Trump Joins Legal Fight In Stormy Daniels' Lawsuit To End Her "Hush Agreement"
Lawyers for the company behind the 2016 payment say they could seek as much as $20 million from Stephanie Clifford, who goes by Stormy Daniels, for alleged breaches of the agreement.
President Donald Trump has joined the legal fight over whether a woman is bound by an agreement she signed in 2016 to keep quiet about their alleged affair.
Stephanie Clifford, the adult film performer and director known as Stormy Daniels, sued Trump and the company set up by longtime Trump lawyer Michael Cohen in 2016 to pay Clifford to keep quiet.
Lawyers for that company, Essential Consultants (EC), filed a notice Friday afternoon in California to remove her case from state court to federal court and asserted that, under the 2016 agreement, they could seek damages of at least $20 million.
Charles Harder, an attorney best known for representing Hulk Hogan in his legal fight against Gawker, filed a notice on behalf of Trump joining in the removal. "Mr. Trump intends to join in EC’s anticipated Petition to Compel Arbitration under the Arbitration Agreement," he announced.
In Clifford's lawsuit, her lawyer, Michael Avenatti, claims that the settlement agreement and therefore its confidentiality provisions — which they call a "hush agreement" — were never valid because Trump did not sign the agreement. He also argues that the agreement should be found to be invalid as counter to public policy.
"This is simply more of the same bullying tactics from the president and Mr. Cohen. They are now attempting to remove this case in order to increase their chances that the matter will ultimately be decided in private arbitration, behind closed doors, outside of public view and scrutiny," Avenatti told BuzzFeed News. "To put it simply — they want to hide the truth from the American people. We will oppose this effort at every turn."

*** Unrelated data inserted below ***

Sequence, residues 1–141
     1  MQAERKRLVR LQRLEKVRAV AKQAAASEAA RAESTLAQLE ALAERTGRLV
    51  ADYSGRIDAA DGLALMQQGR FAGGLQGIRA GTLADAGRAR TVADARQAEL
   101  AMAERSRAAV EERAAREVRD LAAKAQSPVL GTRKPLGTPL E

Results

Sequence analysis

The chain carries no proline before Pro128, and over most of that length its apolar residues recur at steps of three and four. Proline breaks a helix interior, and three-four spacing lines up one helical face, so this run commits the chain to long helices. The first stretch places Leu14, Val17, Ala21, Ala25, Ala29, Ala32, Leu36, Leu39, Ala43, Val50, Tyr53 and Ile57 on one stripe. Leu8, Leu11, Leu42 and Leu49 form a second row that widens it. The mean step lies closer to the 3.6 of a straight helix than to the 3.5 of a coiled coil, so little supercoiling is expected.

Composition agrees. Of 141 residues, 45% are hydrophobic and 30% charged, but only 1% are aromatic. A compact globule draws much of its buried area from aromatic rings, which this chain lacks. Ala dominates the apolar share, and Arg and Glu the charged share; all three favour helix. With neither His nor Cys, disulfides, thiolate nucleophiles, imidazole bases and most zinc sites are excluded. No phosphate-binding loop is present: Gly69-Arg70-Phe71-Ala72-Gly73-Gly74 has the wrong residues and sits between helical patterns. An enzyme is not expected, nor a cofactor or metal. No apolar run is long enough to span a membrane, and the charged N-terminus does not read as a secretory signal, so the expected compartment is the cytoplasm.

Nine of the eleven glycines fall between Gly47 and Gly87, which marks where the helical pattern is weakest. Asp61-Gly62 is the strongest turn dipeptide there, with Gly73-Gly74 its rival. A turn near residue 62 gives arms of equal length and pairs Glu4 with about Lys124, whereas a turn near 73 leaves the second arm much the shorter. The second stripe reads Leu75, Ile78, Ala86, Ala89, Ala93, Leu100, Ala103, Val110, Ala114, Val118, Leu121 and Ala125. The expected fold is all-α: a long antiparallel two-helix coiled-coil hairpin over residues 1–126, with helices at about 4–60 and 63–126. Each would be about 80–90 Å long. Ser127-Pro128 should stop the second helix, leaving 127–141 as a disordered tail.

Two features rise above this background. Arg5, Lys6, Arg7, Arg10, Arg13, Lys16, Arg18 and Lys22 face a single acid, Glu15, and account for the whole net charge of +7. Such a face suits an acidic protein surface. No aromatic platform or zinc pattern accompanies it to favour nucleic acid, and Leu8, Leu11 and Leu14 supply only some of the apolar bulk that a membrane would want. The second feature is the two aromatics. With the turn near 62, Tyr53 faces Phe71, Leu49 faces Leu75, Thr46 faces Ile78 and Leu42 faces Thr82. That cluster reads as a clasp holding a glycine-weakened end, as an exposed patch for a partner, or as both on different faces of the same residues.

In its removal notice, EC makes clear it will defend the validity of the agreement and its requirement that any dispute be settled by arbitration.
"EC is aware of at least twenty (20) violations by Clifford of the confidentiality provisions of the Settlement Agreement," Brent Blakely, the lawyer for EC, wrote. Due to a provision in the agreement that each breach of the confidentiality provisions could lead to $1 million in damages, Blakely argues that "EC and/or Defendant Trump have the right to seek liquidated damages against Clifford for her numerous breaches" in the arbitration for an amount "approximated to already be in excess of twenty million dollars ($20,000,000)."
Regarding that claim, Avenatti told BuzzFeed News, "The fact that a sitting president is pursuing over $20 million in bogus 'damages' against a private citizen, who is only trying to tell the public what really happened, is truly remarkable. Likely unprecedented in our history. We are not going away and we will not be intimidated by these threats."
Earlier this month, Clifford sat down with Anderson Cooper for an interview, which 60 Minutes plans to air later this month.
Lawyers for Trump and EC did not immediately respond to requests for comment on the filings and Avenatti's comments Friday evening.